For those of us who never got to see the Beatles in concert, the Fab Faux is the next best thing. This ain’t your momma’s costumed cover band. These five musicians—Will Lee, Rich Pagano, Jack Petruzzelli, Jimmy Vivino and Frank Agnello—have world-class chops, which will be on display at their George Harrison tribute at the Beacon Theatre on October 26th. Conscientious to a fault, these pros gave Elmore a behind-the-scenes look at this once-in-a-lifetime event.
Part 1 of 4: Preparation
The amount of preparation for this one-time show is daunting. The Fab Faux has performed the music of the Beatles for over 15 years, but they’ve never had to learn this many new songs for any one show. They’re cramming post-Beatles tunes that they have never played before (and may never play again) into a one-off, but insist it will be of the same quality as the material they’ve learned over the last 15-16 years. “You get one take,” bassist Will Lee (of the CBS Orchestra on The Late Show with David Letterman) said.
Guitarist Frank Agnello (who has played with Phoebe Snow, Marshall Crenshaw and Joey Molland of Badfinger) curated the show, no small task because the set list is not based on airplay, but instead on the songs that the Fab Faux members themselves love. “We have always been big George fans,” Agnello said. “My job is to make sure that some big songs are in there. The trade-off is that the audience will hear a really cool performance of something that they may not have expected, and whoever is singing it is going to bring a little extra something because it’s a personal favorite.”
Agnello drew up a first draft in January, and the band rehearsed a few hours before a gig in Rhode Island in April and then planned three more Fab Faux rehearsals. Lee put together a six-person choir; Agnello wrote out all their backing vocal parts and distributed the sheet music electronically. In an interview two months before the event, Jimmy Vivino (band leader for Conan) told us, “Instead of talking to you, I should be doing horn charts now.” “It’s more like independent study,” Agnello explained. The day before the show, the choir, the horns, the strings and the guest musicians will be in a marathon rehearsal. “George’s songs were pretty large scale, especially in his solo period,” Agnello said. “We’re going to have as many as 20 people playing at one time, so to coordinate all that is the tricky part.”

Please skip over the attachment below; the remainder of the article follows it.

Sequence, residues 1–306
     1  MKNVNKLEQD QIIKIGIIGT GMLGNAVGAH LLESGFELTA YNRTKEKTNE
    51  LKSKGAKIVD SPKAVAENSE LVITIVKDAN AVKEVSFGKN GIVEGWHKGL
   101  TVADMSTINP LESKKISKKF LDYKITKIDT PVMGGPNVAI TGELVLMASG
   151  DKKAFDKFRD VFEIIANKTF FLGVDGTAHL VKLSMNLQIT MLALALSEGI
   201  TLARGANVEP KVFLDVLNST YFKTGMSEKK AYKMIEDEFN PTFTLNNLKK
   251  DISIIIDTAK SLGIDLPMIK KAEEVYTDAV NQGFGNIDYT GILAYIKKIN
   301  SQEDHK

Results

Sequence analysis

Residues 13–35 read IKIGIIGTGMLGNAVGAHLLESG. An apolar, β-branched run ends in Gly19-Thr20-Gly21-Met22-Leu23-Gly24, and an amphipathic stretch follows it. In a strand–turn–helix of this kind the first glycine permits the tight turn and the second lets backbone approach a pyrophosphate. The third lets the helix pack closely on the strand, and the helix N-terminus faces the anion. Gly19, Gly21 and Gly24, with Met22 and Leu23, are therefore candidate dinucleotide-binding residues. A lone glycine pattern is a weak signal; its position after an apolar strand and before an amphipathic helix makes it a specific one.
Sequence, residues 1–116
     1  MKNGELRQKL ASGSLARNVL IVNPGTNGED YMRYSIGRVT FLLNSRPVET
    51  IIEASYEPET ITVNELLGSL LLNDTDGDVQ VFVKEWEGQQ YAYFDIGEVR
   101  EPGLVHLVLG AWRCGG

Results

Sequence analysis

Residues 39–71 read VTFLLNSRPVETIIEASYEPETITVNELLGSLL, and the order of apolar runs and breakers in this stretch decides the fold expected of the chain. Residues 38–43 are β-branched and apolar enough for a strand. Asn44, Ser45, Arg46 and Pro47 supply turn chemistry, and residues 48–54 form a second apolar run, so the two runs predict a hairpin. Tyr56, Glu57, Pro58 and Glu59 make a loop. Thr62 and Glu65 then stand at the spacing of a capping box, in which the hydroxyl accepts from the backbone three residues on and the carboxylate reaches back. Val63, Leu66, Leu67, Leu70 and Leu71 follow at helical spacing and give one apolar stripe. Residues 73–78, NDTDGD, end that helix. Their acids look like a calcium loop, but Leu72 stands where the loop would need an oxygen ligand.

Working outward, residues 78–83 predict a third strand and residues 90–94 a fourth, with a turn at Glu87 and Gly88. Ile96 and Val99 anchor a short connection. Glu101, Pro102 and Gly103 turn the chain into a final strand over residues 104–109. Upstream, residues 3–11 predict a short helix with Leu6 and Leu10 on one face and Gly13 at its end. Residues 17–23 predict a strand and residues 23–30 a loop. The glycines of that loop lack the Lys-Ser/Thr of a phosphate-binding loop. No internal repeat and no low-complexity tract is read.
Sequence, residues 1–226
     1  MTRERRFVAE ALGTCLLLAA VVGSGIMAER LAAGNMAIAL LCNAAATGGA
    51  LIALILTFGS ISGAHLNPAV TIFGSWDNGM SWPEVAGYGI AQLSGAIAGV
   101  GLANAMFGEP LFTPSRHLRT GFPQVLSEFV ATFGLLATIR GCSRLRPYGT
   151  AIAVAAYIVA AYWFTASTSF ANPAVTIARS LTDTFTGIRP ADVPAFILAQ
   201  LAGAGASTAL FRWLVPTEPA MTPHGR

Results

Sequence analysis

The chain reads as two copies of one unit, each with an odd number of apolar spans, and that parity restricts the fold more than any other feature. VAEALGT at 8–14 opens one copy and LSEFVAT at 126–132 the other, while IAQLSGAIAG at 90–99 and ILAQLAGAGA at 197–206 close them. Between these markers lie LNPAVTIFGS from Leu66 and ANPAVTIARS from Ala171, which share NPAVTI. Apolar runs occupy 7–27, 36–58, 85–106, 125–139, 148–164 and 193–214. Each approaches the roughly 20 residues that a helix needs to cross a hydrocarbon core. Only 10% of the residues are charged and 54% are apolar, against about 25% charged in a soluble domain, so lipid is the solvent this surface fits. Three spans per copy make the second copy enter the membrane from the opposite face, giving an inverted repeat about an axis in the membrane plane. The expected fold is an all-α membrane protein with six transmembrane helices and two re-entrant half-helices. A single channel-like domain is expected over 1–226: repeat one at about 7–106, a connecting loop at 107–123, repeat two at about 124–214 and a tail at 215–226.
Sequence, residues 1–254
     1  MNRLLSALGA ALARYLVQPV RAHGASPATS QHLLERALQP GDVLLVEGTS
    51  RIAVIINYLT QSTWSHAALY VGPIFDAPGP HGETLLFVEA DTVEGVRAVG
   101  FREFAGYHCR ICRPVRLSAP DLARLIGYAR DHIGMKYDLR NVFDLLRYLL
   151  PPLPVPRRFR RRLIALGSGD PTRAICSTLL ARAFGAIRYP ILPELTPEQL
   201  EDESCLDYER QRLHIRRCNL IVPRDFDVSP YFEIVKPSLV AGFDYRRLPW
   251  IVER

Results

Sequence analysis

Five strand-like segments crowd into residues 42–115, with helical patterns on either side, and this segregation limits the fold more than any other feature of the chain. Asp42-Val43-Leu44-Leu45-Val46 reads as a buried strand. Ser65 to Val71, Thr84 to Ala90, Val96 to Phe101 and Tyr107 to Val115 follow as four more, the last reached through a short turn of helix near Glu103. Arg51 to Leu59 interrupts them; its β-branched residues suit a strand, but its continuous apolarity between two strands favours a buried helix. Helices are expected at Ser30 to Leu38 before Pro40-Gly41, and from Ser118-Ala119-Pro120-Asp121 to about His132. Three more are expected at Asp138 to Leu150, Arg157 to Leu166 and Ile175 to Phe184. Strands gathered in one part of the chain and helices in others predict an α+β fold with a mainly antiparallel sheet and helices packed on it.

For example, here’s their arrangement of “What Is Life”:
Lead Vocal: Frank
Double Vocal, Tambourine & Last Verse Slide Guitar Fills: Jim B.
Harmonies: Will, Jimmy, Rich, Jack, Erin
Lead Guitar (Fuzz): Jimmy
Rhythm Electric Guitar: Frank
Acoustic Guitar: Erin
Drums/Verse Mounted Tambourine: Rich
Drums: Jim K.
Trumpets: John & Bones
Saxes: Jerry & Sam
Choir: Elaine, Nicki, Tabitha, Chrissi, D-Train, Frank S.
The band will perform 12 Harrison solo songs that they’ve never done before, six solo songs that they have previously performed and 13 of his Beatles songs. With the Beacon Theatre’s curfew, the whole thing must be done in three hours. Do not expect much patter.